GhostBusters: Afterlife Review


Alex Edwards

Ghostbusters released in 1984 directed by Ivan Reitman, grossing 295.2 million at the box office, and becoming a global phenomenon spawning a series of video games, comics and other products.

Mars Canepa, Dispatch Reporter

Dan Aykord had always believed in ghosts alongside his family. When he sat down to write a new movie alongside Rick Moranis and Harold Ramis in 1983, he had an idea to share his love of the supernatural with the audience, thus the creation of pop culture staple Ghostbusters.

Ghostbusters released in 1984 directed by Ivan Reitman, grossing 295.2 million at the box office, and becoming a global phenomenon spawning a series of video games, comics and other products. The movie focuses on three disgruntled unemployed professors creating a ghost capturing business so they can make a living and prove that ghosts are real. After picking up another crew member, they solve local cases in New York by fighting ghosts with proton packs that allow them to capture and put away the supernatural. They eventually confront Gozer, an entity attempting to take over the world and reason as to why ghost sightings were increasing. The sequel follows similar beats to defeat another villainous entity.

Ghostbusters: Afterlife, directed by the original director’s son Jason Reitman, takes place in the modern day when main lead Phoebe Spangler with her brother Trevor and single mother Carrie move to the fictional town of Summerville, after the death of Phoebe’s grandfather who left mysteriously to go to Summerville for reasons unknown to the characters. Spangler befriends a classmate named Podcast, and teacher Gary Gooberson who brings the kids and the audience a recap on what the ghostbusters were up to during the first movie. While at the farmhouse, her grandfather left behind Phoebe discovers the secret building where she discovers her grandfather was one of the original four ghostbusters, whose identity is not revealed until the third act, who returned to prevent the return of Gozer. With this new information and ghost busting tech left behind, Phoebe begins ghost busting with her brother and friends while Gozer plots their return

I’ve always enjoyed Ghostbusters, however often I find myself putting it in the backseat of my mind forgetting what made it special for me and for many other people. Now I can’t speak like I saw the movie in 1984 when it was released, as I am only 16 years old while writing this review, but Ghostbusters is just one of those nostalgic movies that I think of when thinking of film classics. Despite this, however, I never quite fell in love with it like I did other things, so when I heard that a sequel taking place in the same continuity as the first two films (Ghostbusters 2016, took place as a standalone movie) I thought “Why not, I guess I like Ghostbusters” and didn’t give it much a thought until it released. I say these things to point out a major strength of the film is the respect to the original story people had loved to begin with while creating something new to remind what made the originals so special. The film is chock full of references to the previous movies with characters from the original to pass off the proton packs.. From seeing old villains, a combo attack used in the original, and lines I recognized even I, someone moderately enthused about the franchise absolutely loved that part of the movie. As a revival of two classics, it was vital that it had a factor of nostalgia to make it work. A friend I had invited to go watch the movie with me was more critical of the movie as this was his first Ghostbusters film. Despite me pointing out you can’t judge the number three of something if you never knew what one and two were, he lacked the nostalgia I had that allowed me to understand the movie and excuse the hiccups of the film.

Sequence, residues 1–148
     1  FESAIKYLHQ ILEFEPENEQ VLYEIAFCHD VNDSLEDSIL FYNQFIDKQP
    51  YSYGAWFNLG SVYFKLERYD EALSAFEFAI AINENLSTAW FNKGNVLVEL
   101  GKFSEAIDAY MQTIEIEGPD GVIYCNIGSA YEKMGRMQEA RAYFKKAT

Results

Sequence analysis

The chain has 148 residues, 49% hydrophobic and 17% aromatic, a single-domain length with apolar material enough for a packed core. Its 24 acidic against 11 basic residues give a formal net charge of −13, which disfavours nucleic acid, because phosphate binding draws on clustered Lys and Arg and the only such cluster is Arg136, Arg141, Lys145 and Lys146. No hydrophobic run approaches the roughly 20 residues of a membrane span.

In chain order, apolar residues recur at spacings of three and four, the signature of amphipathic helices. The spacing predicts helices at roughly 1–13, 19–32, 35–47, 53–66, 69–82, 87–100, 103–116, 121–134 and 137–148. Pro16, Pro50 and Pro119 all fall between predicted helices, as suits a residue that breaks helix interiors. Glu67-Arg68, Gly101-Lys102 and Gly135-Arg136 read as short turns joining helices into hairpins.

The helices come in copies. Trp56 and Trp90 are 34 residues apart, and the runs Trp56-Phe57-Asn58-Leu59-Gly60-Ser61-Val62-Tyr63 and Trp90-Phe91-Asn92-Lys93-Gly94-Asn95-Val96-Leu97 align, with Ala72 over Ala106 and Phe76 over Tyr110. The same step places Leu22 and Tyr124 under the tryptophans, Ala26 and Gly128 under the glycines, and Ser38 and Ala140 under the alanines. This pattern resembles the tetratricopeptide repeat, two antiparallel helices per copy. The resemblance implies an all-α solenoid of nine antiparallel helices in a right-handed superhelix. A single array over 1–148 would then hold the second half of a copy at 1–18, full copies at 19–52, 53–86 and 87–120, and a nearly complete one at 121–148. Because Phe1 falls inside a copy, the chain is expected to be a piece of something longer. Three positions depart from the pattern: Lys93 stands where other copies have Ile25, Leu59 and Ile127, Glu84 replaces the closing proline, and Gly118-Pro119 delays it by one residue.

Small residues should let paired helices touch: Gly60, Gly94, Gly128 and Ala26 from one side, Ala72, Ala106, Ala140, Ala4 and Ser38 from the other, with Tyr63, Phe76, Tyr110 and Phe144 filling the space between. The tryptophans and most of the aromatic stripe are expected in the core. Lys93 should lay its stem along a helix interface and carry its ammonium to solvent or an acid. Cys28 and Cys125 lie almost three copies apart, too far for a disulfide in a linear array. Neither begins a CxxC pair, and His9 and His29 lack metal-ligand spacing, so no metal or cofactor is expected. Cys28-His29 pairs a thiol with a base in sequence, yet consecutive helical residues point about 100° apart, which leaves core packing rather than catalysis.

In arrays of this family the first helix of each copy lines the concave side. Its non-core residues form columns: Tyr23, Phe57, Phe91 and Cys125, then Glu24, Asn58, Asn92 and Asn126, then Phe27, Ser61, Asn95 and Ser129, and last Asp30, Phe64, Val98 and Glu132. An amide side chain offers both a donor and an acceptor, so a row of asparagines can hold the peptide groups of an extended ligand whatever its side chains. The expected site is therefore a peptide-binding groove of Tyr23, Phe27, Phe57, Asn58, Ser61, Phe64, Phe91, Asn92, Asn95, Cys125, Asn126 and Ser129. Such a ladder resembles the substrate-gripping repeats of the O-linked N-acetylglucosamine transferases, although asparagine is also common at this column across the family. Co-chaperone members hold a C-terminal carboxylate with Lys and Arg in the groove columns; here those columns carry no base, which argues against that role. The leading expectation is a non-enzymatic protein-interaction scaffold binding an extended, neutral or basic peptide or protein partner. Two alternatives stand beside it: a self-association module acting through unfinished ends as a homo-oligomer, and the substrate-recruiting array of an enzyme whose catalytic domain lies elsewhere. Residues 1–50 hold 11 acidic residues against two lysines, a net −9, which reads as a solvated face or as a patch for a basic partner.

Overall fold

Speaking of the hiccups of the movie,  I was bothered by the characters and some convenience through some parts. When we are introduced to the main characters they all take very stereotypical roles in the story. The two siblings Phoebe, played by McKenna Grace from films such as Gifted and Captain Marvel, is your typical anti-social but brilliant character and brother Trevor, played by Stranger Things star Finn Wolfhard, is the phone and girl obsessed teenage boy. There are other two characters Podcast, the movie’s blogger character and Lucky Domingo, who is kind of just there, she doesn’t really do much and joins the team kind of randomly. The adults Carrie Spangler and Mr. Grooberson are the gruff/affectionate couple of the movie. After we’re done introducing these characters and they can get some breathing room as the story goes forward which keeps my thoughts off how chiche they come off but it still stuck with me how I saw these characters for the rest of the movie. Phoebe somehow is able to know how to use a proton pack and the Ghostbuster car with it’s gadgets despite it being her first time in the car. While the scene plays it out as a group of sheer dumb luck but I honestly wish it was more conclusive with connecting the dots with Phoebe figuring out how to really be a ghostbuster rather than the vague “oh she is just a very smart 12 year old” explanation the movie provides.

Despite this, the movie very much appreciates what came before it something I appreciate in a sequel, even going as far as to making the terror dogs from the original move act like puppets as they originally were in the first movie, which is something that made me nerd out. Ghostbusters Afterlife: Is not by any means a perfect movie but it is a fun ride with a comprehensible story that is perfect for people who love the old movies.